In the name of God: who was, and who is, and who is to come. Amen.
The times, they are a changing…
That’s a subject that often makes us a bit nervous - change. But it’s been said that the only constant in life is change, so we’d better find a way to make our peace with it.
But change doesn’t have to be scary if we ready ourselves for it. And that’s what Advent is all about - readying ourselves for the change that’s in store.
This Advent may feel a little bit different to you. There are different schools of thought about the role of Advent in the life of the church, and how it should be observed. Some liturgists think of Advent as like a “little Lent” - drawing on the similarities between Advent and Lent, in that they are both seasons of preparation for understanding new realities about God.
But some other scholars of liturgy would argue that there’s a different tone in the sense of preparation between the two seasons. Where Lent is a season of penitence as we prepare for the death of Jesus; Advent is a season of expectation, wherein we prepare for his birth. While both seasons hold elements of surprise for the people of God, the surprise of resurrection is a little more jarring than the surprise of birth - even this birth. Lent is meant to mirror the season of preparation that Jesus experienced when we spent 40 days in the wilderness steeling himself for ministry. Advent, on the other hand, is more like the season of preparation that new parents go through when they’re expecting the birth of a child. Advent is a season that is pregnant with hope and expectation that keeps growing until it can no longer be contained: it must be birthed into the world.
So, you can see - there are certainly some similarities between Advent and Lent, but there are also some differences. I expect that I’ll be highlighting the differences a little more than you may be used to.
And though change may sometimes seem unsettling, it’s important to remember that it is a hallmark of our faith. If there were any doubt of that, we would only have to look at the lessons appointed for today - on this, the first Sunday of Advent - to see how much the church is driving us toward embracing change.
The prophecy of Isaiah is crying out to God to intercede on the suffering of God’s people. It embraces the role of God as the agent of holy change: “we are the clay, and you are our potter”. Change us, the prophet prays.
Jesus speaks of change on a more cosmic scale: “Heaven and earth will pass away,” he says, “but my words will not pass away.”
Wrap your minds around that for just a moment. Even if we can imagine the earth passing away - how sure must Christ’s words be, if they are more stable even than heaven? “Heaven and earth will pass away, but my words will not…”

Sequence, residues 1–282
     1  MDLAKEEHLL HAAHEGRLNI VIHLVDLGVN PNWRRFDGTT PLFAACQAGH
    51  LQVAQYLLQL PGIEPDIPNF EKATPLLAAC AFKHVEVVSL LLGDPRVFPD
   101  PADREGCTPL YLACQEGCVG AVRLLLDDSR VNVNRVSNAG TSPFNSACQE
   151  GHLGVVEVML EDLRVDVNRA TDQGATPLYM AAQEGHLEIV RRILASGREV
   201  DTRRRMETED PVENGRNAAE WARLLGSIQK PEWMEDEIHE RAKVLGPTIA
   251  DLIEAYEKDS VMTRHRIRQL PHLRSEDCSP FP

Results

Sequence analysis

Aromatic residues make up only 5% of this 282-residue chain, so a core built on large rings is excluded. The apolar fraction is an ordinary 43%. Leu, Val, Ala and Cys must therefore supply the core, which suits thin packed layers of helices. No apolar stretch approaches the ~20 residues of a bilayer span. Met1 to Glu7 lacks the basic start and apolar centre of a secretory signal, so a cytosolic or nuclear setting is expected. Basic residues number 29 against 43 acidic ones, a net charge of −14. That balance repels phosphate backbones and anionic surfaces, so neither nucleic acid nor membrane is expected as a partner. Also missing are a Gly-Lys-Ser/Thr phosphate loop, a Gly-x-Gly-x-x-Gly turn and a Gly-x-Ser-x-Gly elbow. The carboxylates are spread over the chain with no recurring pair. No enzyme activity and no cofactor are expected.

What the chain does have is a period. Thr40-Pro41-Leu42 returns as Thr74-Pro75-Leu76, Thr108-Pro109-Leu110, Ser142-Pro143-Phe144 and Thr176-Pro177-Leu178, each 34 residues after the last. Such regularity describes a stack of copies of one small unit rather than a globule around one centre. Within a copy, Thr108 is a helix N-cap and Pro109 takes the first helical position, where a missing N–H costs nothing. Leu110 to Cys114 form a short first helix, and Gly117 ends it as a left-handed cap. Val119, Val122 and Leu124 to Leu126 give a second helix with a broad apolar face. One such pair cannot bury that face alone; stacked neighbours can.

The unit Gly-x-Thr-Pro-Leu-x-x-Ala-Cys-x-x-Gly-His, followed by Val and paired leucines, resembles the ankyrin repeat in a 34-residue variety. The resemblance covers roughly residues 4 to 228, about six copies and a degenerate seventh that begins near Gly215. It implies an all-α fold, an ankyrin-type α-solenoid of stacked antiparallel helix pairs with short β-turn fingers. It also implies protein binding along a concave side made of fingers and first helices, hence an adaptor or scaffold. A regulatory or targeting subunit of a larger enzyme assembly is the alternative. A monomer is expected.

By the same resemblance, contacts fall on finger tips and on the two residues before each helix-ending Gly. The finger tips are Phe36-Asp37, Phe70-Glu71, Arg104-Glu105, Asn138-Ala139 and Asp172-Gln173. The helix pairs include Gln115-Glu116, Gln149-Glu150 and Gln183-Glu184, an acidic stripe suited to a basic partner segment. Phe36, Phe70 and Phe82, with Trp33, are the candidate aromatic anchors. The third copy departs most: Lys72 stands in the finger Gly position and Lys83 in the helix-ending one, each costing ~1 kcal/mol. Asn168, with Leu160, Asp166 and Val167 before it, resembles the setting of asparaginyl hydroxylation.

We often meet change with anxiety. But not only is it inevitable, it’s often for the best.
Earlier this week, I stumbled across a lovely (and sort of challenging) prayer written by Sir Francis Drake as he was preparing to embark on a voyage to circumnavigate the earth. We may not be able to really imagine what a feat that was - to sail around the world - but remember that it had only been done successfully one time before. It had been less than a century since Columbus had crossed the Atlantic. The world, for those travelers was vast and untamed. Anything could happen on such a voyage. It would be perilous, at best.
In those days of preparation for what might have easily been the last days of Drake’s life, these were his words:
Disturb us, Lord, when
We are too pleased with ourselves,
When our dreams have come true
Because we dreamed too little,
When we arrived safely
Because we sailed too close to the shore.
Disturb us, Lord, when
with the abundance of things we possess
We have lost our thirst
For the waters of life;
Having fallen in love with life,
We have ceased to dream of eternity
And in our efforts to build a new earth,
We have allowed our vision
Of the new Heaven to dim.
Disturb us, Lord, to dare more boldly,
To venture on wilder seas
Where storms will show Your mastery;
Where losing sight of land,
We shall find the stars.
We ask you to push back
The horizons of our hopes;
And to push back the future
In strength, courage, hope, and love.
This we ask in the name of our Captain,
Who is Jesus Christ.
It is a daring and brave thing to pray for God’s disturbance. We are the people of a God who is a masterful disturber. And while it may be an intimidating thing to pray for that disturbing, the truth of the matter is, God is going to disturb us. God is going to disrupt us. When we are complacent with the comforts of the world; when we are complicit with the injustices of the world; when we are conspirators with the false powers of the world: we need to be disturbed. And God will do that for us, whether we want it or not - whether we expect it or not. Whether we are ready or not. God is a disturbing God.
If you think about it, is that really such a bad thing?
In a world gripped by violence and fear, we could stand to have the status quo disturbed. In a world defined by income inequality that leaves a few people of privilege with vast, unfathomable resources, while the rest of the world struggles, often futilely, merely to survive, we need change, no matter how much we fear it. In a world of racism, and xenophobia, and all of the other products that come from the marriage of fear and greed, we need Christ. We need God to intercede.
The hope of Advent is that Christ will disturb us where we most need it. The promise of Christmas is that by knowing God more intimately, we will be changed. Even though it’s probably a little bit scary, we need to be changed. We might as well get ready.
The times, they are a changing. Amen.